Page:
Open mouth, insert foot.
Matt Hancock thought it would be a good idea to say that “only” 36 people died of Covid-19 in the UK on Sunday (June 14).
Yesterday, across the UK, only 36 deaths were recorded with coronavirus – the lowest since 21 March.
We are winning the battle against this horrible disease
— Matt Hancock (@MattHancock) June 14, 2020
What an insensitive buffoon. Or…
Only 36 dead says an emotionless Matt Hancock.
— Damo #BlackLivesMatter (@Cornish_Damo) June 14, 2020
Matt Hancock is bragging that there were "only 36 deaths" reported today. Much in the same way a fireman stands in the smouldering embers of what was a building to brag "I saved the goldfish. Winning!"
— Dino "Ghostface Anteefah" Goldie (@dinogoldie) June 14, 2020
Some, taking the numbers at face value, have made the point that Hancock should never have used the word “only”:
"Only 36 deaths" Bully for you. That is around 1000 relatives and close friends left bereft. New Zealand has no cases and no deaths. You have failed us catastrophically. Anyone with honour or integrity would resign.
— Chris Smith (@ledredman) June 14, 2020
Experience shows that it isn’t an accurate description of the number of deaths that take place over a weekend – because there is a lag in reporting deaths that occur on a weekend. Look at the graphs of UK deaths since lockdown started and you will see a sizable drop in recorded deaths each weekend.
That. Is. Because. It. Was. A. Weekend. Per million population UK still second worst for deaths in the world on official figures. Total deaths now third highest in the world after Brazil ousted UK from second place. UK govt has not done well. Can’t realistically pretend it has. https://t.co/EBxfRimZAk
— Paul Lewis (@paullewismoney) June 14, 2020
And there’s the fact – recorded by the Office for National Statistics – that the death rate in the most deprived parts of the UK is double that in the least deprived areas:
The mortality rate of deaths involving #COVID19 in the most deprived areas of England was more than double that in the least deprived areas:
— Office for National Statistics (ONS) (@ONS) June 12, 2020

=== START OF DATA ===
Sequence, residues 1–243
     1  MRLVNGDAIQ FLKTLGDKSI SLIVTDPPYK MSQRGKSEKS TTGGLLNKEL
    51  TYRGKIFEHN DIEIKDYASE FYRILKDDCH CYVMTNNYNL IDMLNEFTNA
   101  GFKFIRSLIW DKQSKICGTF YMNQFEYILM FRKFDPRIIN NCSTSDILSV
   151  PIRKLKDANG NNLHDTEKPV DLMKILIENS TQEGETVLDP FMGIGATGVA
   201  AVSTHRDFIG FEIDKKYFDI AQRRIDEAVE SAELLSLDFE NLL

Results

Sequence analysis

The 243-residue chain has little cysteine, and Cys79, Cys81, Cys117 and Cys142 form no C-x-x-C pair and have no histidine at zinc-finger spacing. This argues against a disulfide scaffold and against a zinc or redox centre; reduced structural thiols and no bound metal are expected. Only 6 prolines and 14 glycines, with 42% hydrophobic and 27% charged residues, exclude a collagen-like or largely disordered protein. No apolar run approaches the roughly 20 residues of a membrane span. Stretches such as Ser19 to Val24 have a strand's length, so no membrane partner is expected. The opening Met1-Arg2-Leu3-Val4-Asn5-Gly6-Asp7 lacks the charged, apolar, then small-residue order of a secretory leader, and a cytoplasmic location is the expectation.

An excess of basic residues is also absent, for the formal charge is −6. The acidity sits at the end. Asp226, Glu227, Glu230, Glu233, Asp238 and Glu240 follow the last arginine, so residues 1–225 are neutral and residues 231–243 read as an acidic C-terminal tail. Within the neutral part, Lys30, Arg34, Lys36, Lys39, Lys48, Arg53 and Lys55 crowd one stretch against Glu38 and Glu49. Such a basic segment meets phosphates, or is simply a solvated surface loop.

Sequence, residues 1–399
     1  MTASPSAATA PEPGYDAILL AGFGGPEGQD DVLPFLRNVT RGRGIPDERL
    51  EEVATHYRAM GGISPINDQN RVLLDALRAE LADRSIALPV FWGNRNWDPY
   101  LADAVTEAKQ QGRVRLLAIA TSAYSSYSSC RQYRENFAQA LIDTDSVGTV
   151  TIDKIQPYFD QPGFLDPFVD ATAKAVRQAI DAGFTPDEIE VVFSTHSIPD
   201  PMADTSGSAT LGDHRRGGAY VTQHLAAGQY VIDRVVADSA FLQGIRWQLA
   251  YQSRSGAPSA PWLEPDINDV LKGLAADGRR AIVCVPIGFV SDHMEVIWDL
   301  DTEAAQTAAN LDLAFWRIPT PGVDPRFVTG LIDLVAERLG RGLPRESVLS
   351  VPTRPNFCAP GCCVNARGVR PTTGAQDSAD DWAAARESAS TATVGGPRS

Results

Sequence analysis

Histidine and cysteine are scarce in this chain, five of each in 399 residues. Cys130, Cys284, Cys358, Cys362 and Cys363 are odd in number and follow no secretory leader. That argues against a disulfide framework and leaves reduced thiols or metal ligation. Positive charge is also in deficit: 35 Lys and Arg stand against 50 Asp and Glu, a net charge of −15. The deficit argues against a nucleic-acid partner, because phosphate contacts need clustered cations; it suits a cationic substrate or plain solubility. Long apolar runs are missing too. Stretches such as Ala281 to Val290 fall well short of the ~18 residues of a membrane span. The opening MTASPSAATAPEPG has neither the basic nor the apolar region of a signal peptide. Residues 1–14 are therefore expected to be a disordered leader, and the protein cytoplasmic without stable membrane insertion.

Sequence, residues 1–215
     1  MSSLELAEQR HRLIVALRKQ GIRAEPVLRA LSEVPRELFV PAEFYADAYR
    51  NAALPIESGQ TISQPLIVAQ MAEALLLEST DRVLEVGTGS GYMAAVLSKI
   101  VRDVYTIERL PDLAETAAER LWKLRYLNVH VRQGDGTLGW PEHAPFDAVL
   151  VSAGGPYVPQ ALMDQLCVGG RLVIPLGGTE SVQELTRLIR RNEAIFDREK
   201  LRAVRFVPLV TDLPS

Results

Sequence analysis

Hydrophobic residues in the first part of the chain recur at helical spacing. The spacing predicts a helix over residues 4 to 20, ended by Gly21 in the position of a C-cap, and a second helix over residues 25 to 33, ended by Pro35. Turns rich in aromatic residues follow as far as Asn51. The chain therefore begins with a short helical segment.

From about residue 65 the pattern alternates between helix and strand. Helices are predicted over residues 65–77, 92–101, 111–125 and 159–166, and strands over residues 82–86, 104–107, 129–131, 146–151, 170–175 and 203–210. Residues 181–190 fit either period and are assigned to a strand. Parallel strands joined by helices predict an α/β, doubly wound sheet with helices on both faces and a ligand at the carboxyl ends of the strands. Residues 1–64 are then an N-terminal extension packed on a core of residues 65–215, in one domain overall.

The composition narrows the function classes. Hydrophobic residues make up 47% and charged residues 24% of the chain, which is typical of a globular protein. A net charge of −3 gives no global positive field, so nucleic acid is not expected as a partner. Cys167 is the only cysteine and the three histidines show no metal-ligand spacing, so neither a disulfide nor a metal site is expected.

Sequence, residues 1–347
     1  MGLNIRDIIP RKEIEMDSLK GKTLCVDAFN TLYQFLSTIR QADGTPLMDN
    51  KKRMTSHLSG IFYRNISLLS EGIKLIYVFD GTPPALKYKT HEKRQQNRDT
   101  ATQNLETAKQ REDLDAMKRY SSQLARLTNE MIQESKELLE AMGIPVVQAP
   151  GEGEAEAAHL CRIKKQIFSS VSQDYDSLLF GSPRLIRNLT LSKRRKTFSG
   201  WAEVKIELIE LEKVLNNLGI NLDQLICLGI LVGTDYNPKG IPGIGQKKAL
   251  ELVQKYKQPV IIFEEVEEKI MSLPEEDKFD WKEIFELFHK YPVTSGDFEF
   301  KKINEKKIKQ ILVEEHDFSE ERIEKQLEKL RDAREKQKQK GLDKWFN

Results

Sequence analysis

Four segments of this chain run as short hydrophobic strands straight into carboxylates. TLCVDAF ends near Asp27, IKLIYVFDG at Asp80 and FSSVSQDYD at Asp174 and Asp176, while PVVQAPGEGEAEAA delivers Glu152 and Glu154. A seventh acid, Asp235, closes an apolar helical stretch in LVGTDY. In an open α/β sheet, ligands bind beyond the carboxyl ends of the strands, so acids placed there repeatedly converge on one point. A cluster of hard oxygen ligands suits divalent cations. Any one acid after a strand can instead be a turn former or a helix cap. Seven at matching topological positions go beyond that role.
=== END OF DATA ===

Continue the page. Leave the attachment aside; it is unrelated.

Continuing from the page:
It has also been established that people from black and minority ethnic groups are four times more likely to die of Covid-19 than white people.
So, on the basis of 36 deaths, around 28 of those who died would have been BAME people and 24 would have been from deprived areas. Most of the 24 would have belonged to both groups.
That’s “only” the fact behind Mr Hancock’s celebratory words.
Only two days before, Hancock had tried to kid us all that the Tory plan to handle Covid-19 was “working”. He was cut down to size very quickly:
Do you occupy the same reality as the rest of us @MattHancock? Your ‘plan’ on latest ONS figures & hospital data has resulted in 66,000 excess deaths linked to coronavirus
That’s not a plan that has worked, it is a plan that has failed so badly it’s caused a national catastrophe https://t.co/vF02KMRkhQ
— Peter Stefanovic (@PeterStefanovi2) June 12, 2020
Underpinning this is the threat that the general public may become desensitised to the facts – and the Tory rhetoric spouted by Hancock is contributing to that:
We cannot allow ourselves to become accustomed to hundreds of people dying every day from the virus. This isn’t happening in other places and it didn’t have to happen. The vast majority of these people did not have to die. It is a scandal and it should be treated as such.
— Liam Young (@liamyoung) June 13, 2020
Perhaps it would be better to keep this in mind:
When I saw someone describe it as the equivalent of an airline crash every day, it brought it home in very stark terms indeed. One airline crash worth of lives is a disaster. Repeated every day is horrifying. Esp as it could have been stopped, with proper policies. 😱😱😡 https://t.co/NE8qmCTC2E
— Crém-LaCommunardeMasquée😷 ✋💚 (@0Calamity) June 13, 2020
The message is clear: Matt Hancock is trying to pretend that your deaths, and those of your loved ones, don’t matter. That’s a cause for anger – not celebration.
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